In American history—and the history of many other nations—immigration has been an issue that often creates
great conflict. In recent times, illegal immigration has been a particularly contentious issue in American society. Faced with an illegal immigrant population numbering in the millions, many citizens and lawmakers have argued that the American government needs to take a stronger stand on illegal immigrants.
Read the following sources (including any introductory information) carefully. Then, in an essay that synthesizes at least three of the sources for support, take a position that defends, challenges, or qualifies the claim that America should take a stronger stance on illegal immigration.
You may refer to the sources by their titles (Source A, Source B, etc.) or by the descriptions in parentheses.
Source A (Douthat and Woodson)
Source B (Williamsen)
Source C (Scott)
Source D (Anonymous)
Source E (Graph)
Remember to use the sources to support your position. Do not focus your essay on the paraphrasing or summarizing of the sources. Your position should be the focus; the sources should be support.
Take 15 minutes to read the sources and 40 minutes to write the essay.
Douthat, Ross and Jenny Woodson. "The Border: Illegal Immigration Is Once Again A Potent Political Issue," The Atlantic Monthly, Jan-Feb 2006, 54.
The following is an excerpt from a magazine article on illegal immigration.
Immigration pressure from Mexico is unlikely to abate anytime soon. Nearly half of all Mexicans asked by Pew said they would come to the United States immediately if they had "the means and opportunity." Twenty-one percent said they would do so even if they had to come illegally. Indeed, many Mexicans seem to have a sense of entitlement regarding the United States: 58 percent surveyed in a 2002 Zogby poll believe that "the territory of the United States' Southwest rightfully belongs to Mexico."
Americans are unhappy about this state of affairs: according to recent polls, most favor beefing up the enforcement of immigration laws and using troops to police the border. A majority even voiced support for the Minuteman Project, a group of civilian vigilantes who have begun patrolling the border themselves.
However, political leaders in both parties (along with many business organizations, media outlets, and bipartisan interest groups) see the issue differently, believing that restricting immigration is not economically desirable. The immigration proposals currently circulating in Washington seem unlikely to reduce the influx from the south. They are aimed instead at regularizing it, by creating a temporary-visa program for migrant laborers. Although such a "guest worker" program might be paired with legislation to tighten border security and curb the hiring of illegal immigrants, as President Bush suggested in a November policy speech, there's reason to doubt that serious restrictions would actually result. The last major immigration reform, in 1986, was supposed to provide a similar tradeoff —an amnesty program for illegal aliens already in the United States was joined to a commitment to crack down on employers of illegal immigrants. The amnesty was implemented; the crackdown fizzled out. And in December of 2004 Congress authorized the addition of 10,000 Border Patrol agents over a five-year period beginning in 2006 —but only 210 new positions were funded for this year.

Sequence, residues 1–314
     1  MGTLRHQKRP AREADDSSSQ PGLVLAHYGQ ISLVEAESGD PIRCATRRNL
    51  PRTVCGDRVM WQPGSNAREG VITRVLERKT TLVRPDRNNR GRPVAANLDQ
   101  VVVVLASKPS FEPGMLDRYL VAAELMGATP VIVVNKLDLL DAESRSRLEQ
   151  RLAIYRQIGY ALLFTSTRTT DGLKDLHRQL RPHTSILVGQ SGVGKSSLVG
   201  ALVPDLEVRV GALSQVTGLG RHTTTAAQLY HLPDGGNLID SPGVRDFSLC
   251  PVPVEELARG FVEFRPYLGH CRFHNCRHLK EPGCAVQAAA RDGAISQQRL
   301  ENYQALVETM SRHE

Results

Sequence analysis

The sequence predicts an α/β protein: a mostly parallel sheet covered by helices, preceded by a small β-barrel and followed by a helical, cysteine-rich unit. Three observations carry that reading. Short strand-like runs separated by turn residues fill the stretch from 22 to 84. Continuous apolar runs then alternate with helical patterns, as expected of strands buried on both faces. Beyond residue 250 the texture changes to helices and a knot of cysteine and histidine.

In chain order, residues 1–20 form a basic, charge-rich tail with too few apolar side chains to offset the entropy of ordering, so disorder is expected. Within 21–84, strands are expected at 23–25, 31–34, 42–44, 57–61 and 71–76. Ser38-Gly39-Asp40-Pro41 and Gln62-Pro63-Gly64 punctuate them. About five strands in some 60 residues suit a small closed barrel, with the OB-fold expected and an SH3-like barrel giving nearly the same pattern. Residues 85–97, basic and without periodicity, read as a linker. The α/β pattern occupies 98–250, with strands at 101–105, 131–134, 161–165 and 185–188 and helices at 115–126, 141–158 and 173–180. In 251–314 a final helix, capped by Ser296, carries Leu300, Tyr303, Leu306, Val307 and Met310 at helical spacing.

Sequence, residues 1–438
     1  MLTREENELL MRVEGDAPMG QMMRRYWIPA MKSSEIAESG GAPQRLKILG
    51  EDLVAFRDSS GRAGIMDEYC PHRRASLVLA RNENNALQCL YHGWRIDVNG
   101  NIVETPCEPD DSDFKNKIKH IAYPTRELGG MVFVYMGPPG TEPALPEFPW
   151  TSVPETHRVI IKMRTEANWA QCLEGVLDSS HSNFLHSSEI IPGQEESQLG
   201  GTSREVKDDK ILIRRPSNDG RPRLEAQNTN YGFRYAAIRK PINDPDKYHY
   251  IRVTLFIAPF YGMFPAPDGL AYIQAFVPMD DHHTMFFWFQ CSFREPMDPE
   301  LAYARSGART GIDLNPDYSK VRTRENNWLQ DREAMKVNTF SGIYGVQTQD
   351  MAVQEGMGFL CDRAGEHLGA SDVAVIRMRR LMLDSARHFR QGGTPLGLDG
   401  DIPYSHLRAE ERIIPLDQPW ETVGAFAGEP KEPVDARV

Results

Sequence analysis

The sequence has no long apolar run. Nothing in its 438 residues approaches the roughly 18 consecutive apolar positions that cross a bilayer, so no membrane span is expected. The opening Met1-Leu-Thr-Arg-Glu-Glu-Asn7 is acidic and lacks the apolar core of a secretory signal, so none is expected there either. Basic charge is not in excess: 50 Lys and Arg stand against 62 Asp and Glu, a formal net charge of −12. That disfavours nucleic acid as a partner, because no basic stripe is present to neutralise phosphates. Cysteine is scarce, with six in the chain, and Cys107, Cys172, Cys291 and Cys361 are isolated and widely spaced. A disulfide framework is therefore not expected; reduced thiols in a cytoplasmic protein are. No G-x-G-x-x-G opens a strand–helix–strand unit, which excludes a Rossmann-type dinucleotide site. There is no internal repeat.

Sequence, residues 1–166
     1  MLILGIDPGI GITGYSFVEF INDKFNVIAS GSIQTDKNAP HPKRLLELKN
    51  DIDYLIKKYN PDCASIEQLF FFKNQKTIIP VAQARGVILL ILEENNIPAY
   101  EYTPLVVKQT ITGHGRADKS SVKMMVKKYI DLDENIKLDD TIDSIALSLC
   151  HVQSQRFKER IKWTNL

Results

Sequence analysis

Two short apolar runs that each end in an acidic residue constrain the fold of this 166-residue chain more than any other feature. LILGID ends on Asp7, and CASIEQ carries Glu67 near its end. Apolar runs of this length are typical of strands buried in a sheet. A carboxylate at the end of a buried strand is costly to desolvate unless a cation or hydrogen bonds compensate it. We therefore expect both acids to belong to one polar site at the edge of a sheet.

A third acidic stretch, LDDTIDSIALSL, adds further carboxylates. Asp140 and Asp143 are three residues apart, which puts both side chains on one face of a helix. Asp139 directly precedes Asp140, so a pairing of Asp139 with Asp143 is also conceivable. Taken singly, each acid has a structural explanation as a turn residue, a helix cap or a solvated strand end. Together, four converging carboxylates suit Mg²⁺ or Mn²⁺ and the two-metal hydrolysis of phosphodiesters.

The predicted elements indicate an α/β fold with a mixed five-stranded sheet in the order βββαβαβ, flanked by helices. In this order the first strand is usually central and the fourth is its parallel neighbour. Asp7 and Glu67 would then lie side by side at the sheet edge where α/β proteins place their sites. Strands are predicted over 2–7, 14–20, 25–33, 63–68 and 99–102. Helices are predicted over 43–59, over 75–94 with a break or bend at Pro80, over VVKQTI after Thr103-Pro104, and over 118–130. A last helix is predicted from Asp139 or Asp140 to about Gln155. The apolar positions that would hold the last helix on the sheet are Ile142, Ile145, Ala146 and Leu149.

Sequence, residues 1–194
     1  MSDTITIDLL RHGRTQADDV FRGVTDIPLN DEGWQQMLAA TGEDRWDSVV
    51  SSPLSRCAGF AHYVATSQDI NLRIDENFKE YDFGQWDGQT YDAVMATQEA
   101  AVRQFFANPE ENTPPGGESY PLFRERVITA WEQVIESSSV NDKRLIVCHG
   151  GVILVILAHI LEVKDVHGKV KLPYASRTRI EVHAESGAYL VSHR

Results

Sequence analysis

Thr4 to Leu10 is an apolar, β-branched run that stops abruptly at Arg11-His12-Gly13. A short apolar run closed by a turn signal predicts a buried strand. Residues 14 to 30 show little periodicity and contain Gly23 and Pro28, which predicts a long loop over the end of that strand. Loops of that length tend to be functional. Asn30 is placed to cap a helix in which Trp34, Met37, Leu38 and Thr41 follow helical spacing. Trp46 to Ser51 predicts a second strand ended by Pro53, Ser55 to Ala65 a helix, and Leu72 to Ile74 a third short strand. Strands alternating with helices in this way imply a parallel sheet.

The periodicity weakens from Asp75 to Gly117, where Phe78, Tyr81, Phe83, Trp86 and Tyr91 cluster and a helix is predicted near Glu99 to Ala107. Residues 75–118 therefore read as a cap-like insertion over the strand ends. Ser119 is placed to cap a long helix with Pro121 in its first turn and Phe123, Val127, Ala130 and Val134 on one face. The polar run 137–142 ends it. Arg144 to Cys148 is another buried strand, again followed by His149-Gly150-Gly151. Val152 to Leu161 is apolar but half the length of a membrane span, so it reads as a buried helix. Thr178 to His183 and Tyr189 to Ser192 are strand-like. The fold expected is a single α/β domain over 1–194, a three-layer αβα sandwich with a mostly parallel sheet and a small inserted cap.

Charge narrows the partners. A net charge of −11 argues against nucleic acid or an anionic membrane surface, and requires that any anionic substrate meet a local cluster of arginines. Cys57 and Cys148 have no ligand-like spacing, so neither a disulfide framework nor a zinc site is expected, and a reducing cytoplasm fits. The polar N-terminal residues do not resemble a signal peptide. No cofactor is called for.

This gap between popular and elite opinion means that the porousness of the border is becoming a potent issue, especially for working-class voters, whose jobs may be vulnerable to guest-worker programs. Tom Tancredo, a Republican congressman from Colorado, has threatened to make an insurgent run for the 2008 GOP presidential nomination if no other candidate comes out strongly against illegal immigration, and observers speculate that Democrats might use the issue to try to outflank the GOP on the right. (Last year the governors of New Mexico and Arizona, both Democrats, declared states of emergency because of the influx of illegal immigrants, blaming the federal government for failing to secure the border.)
Nativist politics hasn't fared well in recent decades. And securing the border may not be feasible no matter what the public wants —at least absent a heavy military presence and the sorts of barriers used in Cold War Berlin and the Korean DMZ. (Spending on border security rose dramatically during the 1990s, but so did the number of illegal immigrants.) However, unless the gap on this issue between America's leaders and its citizenry is somehow narrowed, whether by stringent reform or by rising economic optimism on Main Street, a populist backlash could ensue — against both illegal immigrants themselves and those many see as their enablers in Washington.